According to the crowd that night the answer is a resounding no. A few made a break for the exits in between encores -and what’s up with that, anyway? – but the majority hung on to every syllable until Cohen finished on Closing Time and told us all he’d see us ‘…down the road.’ Whether that’s on the cards is debatable – it’d be nice if the dapper old gent could enjoy retirement again – but if the opportunity does arise to catch Cohen live, you’d be a fool not to grab it with both hands. It was the show of the year, hands down.
Leonard Cohen Concert Perth WA 13th November 2013
Posted by kimcoull on November 30, 2013
The ‘Sisters’ were there but, emotionally, Leonard, thankfully, gave no mercy.
As you might expect from Leonard Cohen he worked an almost imperceptible seduction at the Entertainment Centre in Perth last night. As humanity packed into the auditorium, I imagine Leonard was ‘out the back’ oiling his vibe, summoning us to his bedside, whetting his poetry into a magnificent point.
And what a vibe it is.
Ill fitting suit and trademark hat. Everything you would expect, except his shock of grey hair every time he reverently took off his hat in honour and respect whenever any of the exquisite musicians were engaged in a solo. Leonard, at these moments, was a deeply compelling human being. Humble. Respectful. Honouring of others. Aware of his own shortcoming as an accomplished instrumentalist. Unendingly grateful and appreciative that their sublime talent continually rarefied his poetry and music.
The Sisters were the Webb Sisters and his long time partner/collaborator Sharon Robinson. They were honey in his hive, jive, vibe. Faultless.
Sharon Robinson sang ‘Alexandra leaving’. Exquisite.
The Webb Sisters’ version of ‘If it be your will’ –perfect.
Cohen is obviously a heady mix of artistic sensibilities: The Poet. The Musician. The Lover. The Watcher. The Boy. The Man. The Saint. The Sinner. Artistic Heartthrob. Icon.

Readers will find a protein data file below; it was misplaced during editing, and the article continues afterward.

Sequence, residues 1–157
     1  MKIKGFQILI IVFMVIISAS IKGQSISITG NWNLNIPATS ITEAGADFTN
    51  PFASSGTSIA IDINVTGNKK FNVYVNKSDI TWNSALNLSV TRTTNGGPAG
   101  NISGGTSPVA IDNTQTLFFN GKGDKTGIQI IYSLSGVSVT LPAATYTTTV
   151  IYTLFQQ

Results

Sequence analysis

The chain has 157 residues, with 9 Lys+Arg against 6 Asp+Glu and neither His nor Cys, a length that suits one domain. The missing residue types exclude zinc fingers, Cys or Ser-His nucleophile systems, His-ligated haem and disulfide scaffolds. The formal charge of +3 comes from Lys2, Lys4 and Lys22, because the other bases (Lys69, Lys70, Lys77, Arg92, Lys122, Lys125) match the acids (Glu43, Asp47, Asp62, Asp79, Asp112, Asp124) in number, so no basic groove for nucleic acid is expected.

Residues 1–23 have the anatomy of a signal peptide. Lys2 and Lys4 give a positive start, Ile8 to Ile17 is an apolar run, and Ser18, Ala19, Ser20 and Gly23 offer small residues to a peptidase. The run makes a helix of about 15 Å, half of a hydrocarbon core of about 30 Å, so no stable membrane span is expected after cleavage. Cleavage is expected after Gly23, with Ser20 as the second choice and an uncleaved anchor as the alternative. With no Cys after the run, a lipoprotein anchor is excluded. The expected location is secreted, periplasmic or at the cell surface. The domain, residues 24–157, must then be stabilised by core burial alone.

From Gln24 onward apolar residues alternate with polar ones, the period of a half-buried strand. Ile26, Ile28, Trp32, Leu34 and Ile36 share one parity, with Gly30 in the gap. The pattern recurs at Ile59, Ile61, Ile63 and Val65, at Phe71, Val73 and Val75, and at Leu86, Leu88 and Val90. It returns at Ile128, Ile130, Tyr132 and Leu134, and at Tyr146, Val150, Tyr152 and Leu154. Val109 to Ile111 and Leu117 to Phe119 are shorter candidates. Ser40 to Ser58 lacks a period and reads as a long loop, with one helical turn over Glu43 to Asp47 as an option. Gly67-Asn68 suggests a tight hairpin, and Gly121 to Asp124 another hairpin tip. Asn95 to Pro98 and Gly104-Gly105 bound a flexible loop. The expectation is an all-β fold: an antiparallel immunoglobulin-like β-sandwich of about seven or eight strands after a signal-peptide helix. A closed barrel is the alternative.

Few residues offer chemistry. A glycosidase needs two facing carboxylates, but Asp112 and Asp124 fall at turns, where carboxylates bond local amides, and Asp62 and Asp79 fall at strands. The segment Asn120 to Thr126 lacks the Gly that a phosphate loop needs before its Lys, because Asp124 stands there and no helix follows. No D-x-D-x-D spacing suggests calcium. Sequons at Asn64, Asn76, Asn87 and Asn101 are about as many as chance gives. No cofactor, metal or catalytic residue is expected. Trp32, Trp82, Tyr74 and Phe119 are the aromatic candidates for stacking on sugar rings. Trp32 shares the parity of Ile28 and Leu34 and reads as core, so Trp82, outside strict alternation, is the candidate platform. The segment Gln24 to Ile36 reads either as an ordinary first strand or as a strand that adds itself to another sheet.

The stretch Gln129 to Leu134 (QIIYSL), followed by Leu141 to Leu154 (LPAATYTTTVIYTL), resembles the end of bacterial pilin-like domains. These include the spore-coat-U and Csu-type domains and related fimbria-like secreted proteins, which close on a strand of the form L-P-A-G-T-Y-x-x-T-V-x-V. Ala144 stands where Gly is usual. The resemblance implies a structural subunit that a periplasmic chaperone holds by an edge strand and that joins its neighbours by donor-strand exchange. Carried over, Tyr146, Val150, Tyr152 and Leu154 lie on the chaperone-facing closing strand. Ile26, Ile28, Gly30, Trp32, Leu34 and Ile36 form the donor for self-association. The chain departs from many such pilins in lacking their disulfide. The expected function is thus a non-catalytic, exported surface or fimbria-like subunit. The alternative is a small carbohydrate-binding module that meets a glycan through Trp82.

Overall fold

And woven imperceptibly into the fabric of his persona is his immense compassion and understanding of the human condition. And intelligence. His mind turns on an exquisite point. The point being that we suffer, make mistakes, need succour, and love, have to leave, forgive, remember, and get wise. That we are broken, caught, inexorable, alone, aching in and out each others’ arms is gut wrenchingly rendered in “a thousand kisses deep’
The undeniable highlight of the evening, the ageing hippie beside me reduced to tears, squeezing my hand, and then my knee, the audience hushed all around us as if the whole of humanity as one was listening to the deepest darkest most sacred secrets of the soul. As if it was Church. Delphi. Varansi. Mecca. Gethsemane. Vajrashila. And not simply Perth. A small uninspiring suburban outpost of human confluence.
And in the midst of all this, between songs, he unexpectedly (for me, having never seen him live), showed a childlike joy, skipping on and off the stage, indulging us with encore after encore, the Persian carpet beneath him a luscious symbol of his exotic and yet intimate riches, undeniably shared (as if we know him and might have a chance of knowing ourselves) with pleasure and passion.
And I am glad he sang ‘Suzanne’. I watched the river pass by, thick and mellowed in a nostalgic and personal memorial.